His mother told Brown, after contacting him, to cease contact with her son, but he contacted him again and made creepy comments.
- Get full access to your kids social accounts.
- Monitor their device activity without notice.
- Have in-depth detailed conversations about how predators lure kids.
- Read every news report about these issues and discuss with your kid.
- Turn off all wireless and wired internet at night so kids can’t have access.
Tags: cybercrime, cybersafety, email and web security, intel, internet security, malware, mobile security, online safety, protecting kids online, social networking
The recent celebrity photo hacks are an unfortunate reminder of how devastating or embarrassing it can be to have your data compromised. But celebrities are not the only ones getting hacked. Cybercriminals aren’t choosy—they’ll send malicious texts, emails, and website links to Jennifer Lawrence and your grandma. And while the celebrity hacks are more publicized, the fact is, every day, hundreds of ordinary people are falling prey to phishing scams.
So how can you protect yourself from these cybercriminals? The best defense is actually you.
Many of these scams involve a similar thing—the click. So if you learn how to click wisely, 95% of cybercrime techniques—including phishing, bad URLs, fake text messages, infected pdfs, and more—are eliminated.
And that’s the idea behind Intel Security’s new campaign, #ClickSmart. Intel Security wants to empower you with the skills and sense to avoid those dastardly scams.
Here are some tips to get you started
- Check URLs for misspellings or interesting suffixes. For example, if you see www.faceboook.ru, don’t click it.
- Only open texts and emails from people you know. But even if you do know the sender, be wary for any suspicious subject lines or links. Hackers can try to lure you through your friends and family.
- Beware of emails, texts, and search results offering anything for free. If it sounds too good to be true, then it probably isn’t true.
Are you ready to take the #ClickSmart challenge? If so, go to digitalsecurity.intel.com/clicksmart and see if you’re a Click head or a Click wizard.
To learn more on how to #ClickSmart, join @IntelSecurity, @McAfeeConsumer, @cyber, @GetCyberSafe, @STOPTHNKCONNECT for Twitter chat on October 14th at 12 PM PT. Use #ChatSTC to join in on the conversation. Click here for more information.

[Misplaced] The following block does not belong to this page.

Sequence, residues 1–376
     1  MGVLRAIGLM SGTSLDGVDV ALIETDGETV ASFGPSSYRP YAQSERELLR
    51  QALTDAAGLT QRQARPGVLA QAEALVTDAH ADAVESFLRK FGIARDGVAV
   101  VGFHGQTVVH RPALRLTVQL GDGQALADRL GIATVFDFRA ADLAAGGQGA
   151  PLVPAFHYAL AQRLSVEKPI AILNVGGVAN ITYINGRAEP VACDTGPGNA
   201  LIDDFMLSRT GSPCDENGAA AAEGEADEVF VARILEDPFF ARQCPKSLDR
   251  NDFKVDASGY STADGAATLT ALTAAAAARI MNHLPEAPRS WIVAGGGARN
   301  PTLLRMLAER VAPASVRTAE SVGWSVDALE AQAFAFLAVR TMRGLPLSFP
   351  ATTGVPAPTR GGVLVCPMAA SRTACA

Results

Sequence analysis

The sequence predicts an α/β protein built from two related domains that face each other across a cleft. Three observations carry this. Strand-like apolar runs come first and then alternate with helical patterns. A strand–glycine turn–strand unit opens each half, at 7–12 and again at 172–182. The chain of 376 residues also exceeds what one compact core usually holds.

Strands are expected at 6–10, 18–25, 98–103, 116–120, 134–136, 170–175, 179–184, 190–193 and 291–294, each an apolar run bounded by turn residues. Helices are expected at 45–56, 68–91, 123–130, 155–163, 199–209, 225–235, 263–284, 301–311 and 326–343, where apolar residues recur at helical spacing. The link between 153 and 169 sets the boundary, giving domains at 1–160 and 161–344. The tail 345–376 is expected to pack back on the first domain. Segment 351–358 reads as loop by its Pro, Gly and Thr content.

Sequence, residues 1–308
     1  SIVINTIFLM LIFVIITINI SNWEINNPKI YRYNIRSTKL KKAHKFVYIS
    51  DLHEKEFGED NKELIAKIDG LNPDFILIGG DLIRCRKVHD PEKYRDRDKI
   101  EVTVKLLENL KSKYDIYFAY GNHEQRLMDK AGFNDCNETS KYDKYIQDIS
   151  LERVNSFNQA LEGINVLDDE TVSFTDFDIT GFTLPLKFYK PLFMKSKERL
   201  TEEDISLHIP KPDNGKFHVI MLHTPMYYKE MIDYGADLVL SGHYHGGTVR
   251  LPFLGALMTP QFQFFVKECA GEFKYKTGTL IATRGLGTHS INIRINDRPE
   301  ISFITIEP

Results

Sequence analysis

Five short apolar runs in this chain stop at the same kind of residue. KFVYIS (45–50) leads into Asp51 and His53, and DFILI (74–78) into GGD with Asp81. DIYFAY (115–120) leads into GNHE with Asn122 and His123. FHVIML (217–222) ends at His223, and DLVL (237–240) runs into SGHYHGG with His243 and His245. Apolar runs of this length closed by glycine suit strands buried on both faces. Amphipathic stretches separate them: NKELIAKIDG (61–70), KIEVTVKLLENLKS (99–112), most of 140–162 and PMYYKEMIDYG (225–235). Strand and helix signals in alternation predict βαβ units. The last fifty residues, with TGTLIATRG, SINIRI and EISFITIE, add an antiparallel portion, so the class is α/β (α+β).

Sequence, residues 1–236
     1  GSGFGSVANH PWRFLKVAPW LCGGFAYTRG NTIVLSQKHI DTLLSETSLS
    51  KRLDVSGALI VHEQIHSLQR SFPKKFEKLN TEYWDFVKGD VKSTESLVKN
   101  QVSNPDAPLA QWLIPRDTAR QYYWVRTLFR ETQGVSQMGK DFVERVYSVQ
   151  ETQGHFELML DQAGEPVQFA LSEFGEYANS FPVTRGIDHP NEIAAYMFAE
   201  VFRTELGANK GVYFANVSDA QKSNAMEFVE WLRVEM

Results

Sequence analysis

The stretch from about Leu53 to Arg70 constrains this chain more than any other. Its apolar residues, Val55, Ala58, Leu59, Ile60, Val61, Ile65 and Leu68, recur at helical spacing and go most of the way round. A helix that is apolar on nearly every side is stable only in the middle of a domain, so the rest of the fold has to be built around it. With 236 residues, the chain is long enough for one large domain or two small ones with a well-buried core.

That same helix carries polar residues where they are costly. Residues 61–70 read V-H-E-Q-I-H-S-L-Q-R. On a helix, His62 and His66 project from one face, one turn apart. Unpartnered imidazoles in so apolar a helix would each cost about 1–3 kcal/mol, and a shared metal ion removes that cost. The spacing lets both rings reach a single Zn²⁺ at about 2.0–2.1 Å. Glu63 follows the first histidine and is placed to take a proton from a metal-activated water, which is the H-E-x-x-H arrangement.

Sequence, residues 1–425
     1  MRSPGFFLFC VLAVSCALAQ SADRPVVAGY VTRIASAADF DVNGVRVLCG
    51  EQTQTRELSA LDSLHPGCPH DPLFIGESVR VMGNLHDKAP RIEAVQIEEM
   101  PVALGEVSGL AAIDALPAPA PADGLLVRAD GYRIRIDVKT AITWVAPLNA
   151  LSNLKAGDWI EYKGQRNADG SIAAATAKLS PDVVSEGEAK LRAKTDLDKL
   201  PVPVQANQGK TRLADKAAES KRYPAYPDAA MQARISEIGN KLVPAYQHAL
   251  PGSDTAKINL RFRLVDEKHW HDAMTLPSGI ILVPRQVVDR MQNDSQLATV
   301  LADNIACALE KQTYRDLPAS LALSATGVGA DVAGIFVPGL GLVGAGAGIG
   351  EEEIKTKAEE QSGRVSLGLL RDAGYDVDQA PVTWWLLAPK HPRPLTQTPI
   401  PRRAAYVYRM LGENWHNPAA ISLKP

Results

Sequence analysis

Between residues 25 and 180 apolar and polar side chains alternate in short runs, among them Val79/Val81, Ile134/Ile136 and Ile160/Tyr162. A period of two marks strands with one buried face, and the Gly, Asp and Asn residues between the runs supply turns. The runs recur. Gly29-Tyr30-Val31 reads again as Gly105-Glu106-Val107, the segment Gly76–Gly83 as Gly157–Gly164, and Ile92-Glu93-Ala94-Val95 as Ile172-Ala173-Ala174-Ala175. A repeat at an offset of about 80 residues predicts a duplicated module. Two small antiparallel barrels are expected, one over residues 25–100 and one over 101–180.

Robert Siciliano is an Online Security Expert to McAfee. He is the author of 99 Things You Wish You Knew Before Your Mobile was Hacked! Disclosures.Filed Under: cyber crime
Hacking isn’t just about weak passwords and single-factor authentication. A lot of it occurs because people can be so easily tricked into giving up personal information: the craft of social engineering. Example: “Download this video of Kim K fully naked!” How many men would be lured into clicking this gateway to a viral infection? We are a sad species.
The victim isn’t always a goofball like this. They can be a tech support agent tricked into resetting a password and handing it over. Often, the victims don’t even know they were targeted until well after the fact, if ever.
- Just say no—to giving out personal information. Social engineering can occur over the phone: someone pretending to be your bank, asking for your private information. Always contact any institution for verification they want your private data before blindly giving it out.
- Be scrupulous with security questions. Don’t answer ones that a hacker can easily get the answer to, such as “City you were born.” Choose the most obscure questions from the list. If all seem rather basic, though, then give answers that make no sense, such as “Planet Neptune” for the city you were born in. If you fear being unable to remember these answers, put the answers in an encrypted file or password manager.
- Do you get e-mails about password resets? Be careful. Contact the service provider to see if the e-mail is legitimate.
- You’ve probably heard this before, but here it is again: Never use the same password for multiple accounts! In the same vein, don’t use the same security questions, even though the list of security questions from one service provider to the next is usually the same list of questions. Do your best to use as much of a variety of questions as possible, and don’t forget, you can always give crazy answers to the same question for different accounts.
- Keep an eye on your accounts and their activity. Account providers such as Gmail have dashboards that show where you’re logged in and what tools or apps are connected. This includes financial and social media accounts.
- Beware of emails coming from anyone, for any reason that require you to click links for any reason. Social engineering via email is one of the true successful ways to con someone. Just be ridiculously aware.